The turn-based battle system is simple, being easily controlled using just the mouse, yet effective. There are up to six combatants on each side, with three spots in the front row and three in the back. Melee fighters can only hit those in the front row but are generally able to soak up more damage, while ranged fighters can hit anyone, usually at the cost of being squishier. Various skills, AOE attacks, healing spells, and status effects are available to both sides, which use up a slowly-regenerating SP bar. There are not too many bells and whistles to the system, but it does the job it needs to do well and is quick and engaging enough to not get tiresome by the game’s end despite battles usually following a similar template and tactics throughout.
Character growth also follows a fairly standard template. At level up characters get some points to upgrade the three main attributes, with a new skill point to be used on a straightforward skill tree awarded every two or three levels depending on which of two level up rulesets is selected at the game start. General attack and defence power is generated using these values, in addition to any bonuses provided by equipment. Although some is awarded at the end of each battle, gold isn’t exactly doled out liberally. However, as the equipment doesn’t need to upgraded very often, with stores stocking rather unimpressive inventory, this isn’t too much of an issue. Loren The Amazon Princess isn’t particularly challenging on its normal difficulty setting, the middle of three. This can be changed at any point, however, even during battle. Most random battles can be dealt with pretty easily, and although they sometimes require a bit more awareness, the bosses are never likely to cause any frustration.
There isn’t anything in the way of dungeons or exploration, with all transport done by simply clicking the desired location on the world map, sometimes followed with an optional random battle. The game provides a number of quests and optional battles that can be initiated by revisiting certain locations or selecting particular quests in camp. The Castle of N’Mar expansion adds another hour or so to the game as well as new party members, taking its completion time up to around twelve hours.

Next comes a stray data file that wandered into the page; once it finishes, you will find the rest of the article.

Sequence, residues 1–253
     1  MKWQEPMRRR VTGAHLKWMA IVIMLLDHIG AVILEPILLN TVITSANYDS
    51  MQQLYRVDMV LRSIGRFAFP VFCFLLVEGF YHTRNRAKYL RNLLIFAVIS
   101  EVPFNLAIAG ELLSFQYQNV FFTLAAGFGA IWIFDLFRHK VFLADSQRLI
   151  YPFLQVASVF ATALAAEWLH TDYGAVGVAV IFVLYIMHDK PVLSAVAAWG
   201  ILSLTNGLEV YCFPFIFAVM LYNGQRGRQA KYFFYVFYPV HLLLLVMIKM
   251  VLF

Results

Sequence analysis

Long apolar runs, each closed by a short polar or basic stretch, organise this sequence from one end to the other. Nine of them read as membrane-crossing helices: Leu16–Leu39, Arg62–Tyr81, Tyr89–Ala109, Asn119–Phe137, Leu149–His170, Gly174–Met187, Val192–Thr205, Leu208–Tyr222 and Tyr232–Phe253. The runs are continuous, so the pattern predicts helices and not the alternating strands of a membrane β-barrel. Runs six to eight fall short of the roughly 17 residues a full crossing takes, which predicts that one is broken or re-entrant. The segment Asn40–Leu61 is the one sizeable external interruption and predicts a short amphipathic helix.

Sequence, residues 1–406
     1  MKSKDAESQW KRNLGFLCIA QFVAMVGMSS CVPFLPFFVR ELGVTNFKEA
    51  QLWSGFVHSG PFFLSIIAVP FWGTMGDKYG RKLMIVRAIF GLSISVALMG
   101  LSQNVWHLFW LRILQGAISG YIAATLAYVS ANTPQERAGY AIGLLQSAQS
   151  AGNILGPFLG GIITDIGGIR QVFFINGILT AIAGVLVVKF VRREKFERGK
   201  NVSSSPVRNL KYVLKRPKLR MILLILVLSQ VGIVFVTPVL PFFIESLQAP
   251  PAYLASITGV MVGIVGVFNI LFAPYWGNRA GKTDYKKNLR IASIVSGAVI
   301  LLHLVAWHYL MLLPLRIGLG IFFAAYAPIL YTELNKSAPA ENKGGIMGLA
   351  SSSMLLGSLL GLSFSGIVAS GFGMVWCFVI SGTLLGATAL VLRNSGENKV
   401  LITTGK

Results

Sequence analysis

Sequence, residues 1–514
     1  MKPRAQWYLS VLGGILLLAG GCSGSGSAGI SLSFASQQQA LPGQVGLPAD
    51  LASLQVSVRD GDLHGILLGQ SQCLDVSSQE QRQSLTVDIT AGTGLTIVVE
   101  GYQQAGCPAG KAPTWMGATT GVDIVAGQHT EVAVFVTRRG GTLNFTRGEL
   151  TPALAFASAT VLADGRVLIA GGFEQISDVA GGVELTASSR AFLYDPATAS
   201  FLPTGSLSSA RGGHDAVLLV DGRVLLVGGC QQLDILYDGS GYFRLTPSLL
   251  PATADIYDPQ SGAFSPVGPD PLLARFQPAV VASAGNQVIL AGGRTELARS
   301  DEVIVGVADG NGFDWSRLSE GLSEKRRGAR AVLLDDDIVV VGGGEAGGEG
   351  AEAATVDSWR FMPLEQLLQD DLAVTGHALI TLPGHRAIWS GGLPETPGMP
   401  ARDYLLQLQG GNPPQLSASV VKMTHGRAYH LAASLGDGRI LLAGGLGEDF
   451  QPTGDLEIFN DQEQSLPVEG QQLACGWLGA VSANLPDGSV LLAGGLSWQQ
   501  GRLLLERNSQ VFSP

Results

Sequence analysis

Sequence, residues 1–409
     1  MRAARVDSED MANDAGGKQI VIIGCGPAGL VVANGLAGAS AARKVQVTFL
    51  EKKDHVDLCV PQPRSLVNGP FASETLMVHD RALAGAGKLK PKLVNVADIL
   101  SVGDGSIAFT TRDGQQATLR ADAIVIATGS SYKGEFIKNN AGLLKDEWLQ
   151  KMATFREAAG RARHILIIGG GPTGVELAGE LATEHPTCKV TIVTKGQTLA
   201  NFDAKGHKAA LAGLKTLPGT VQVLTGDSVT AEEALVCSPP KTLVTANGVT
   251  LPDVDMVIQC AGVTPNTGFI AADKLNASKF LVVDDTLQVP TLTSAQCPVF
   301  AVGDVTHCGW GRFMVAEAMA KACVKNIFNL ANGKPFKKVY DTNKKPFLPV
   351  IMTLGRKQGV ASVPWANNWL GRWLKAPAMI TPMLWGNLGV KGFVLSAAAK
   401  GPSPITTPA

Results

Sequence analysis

The music is another solid area for the game. It’s very catchy throughout and a pleasure to listen to in the background, even if the track choice for some scenes is a little odd. There is some minimal voice acting that occurs during battles when character use skills or defeat their opponents, which adds a little audio depth to battles, but not much. The visuals aren’t too much to write home about either. The backgrounds and world map are never very interesting, and the battle animations are minimal. Character designs are nice and distinct, evoking the style and skimpy clothing of sword-and-sorcery fantasy, but again this is an area where some more animation would have helped.
With the current fantasy trends going towards more dark fantasy worlds such as in Dragon Age and The Witcher, Loren The Amazon Princess‘ setting feels like a bit of fresh air. It’s nice to have an uncomplicated struggle against evil forces, and the depth of its cast and writing more than makes up for a generic premise and underwhelming graphics. Those who enjoy visual novel-style storytelling and uncomplicated turn-based battles should find a lot to enjoy here. A spin-off title to the game is well under development, with a sequel also in planning, and I’m certainly interested to see how Winter Wolves moves forward.
Simple, but enjoyable, battle system
Engaging cast and great writing
Generic story premise
Mostly lacks challenge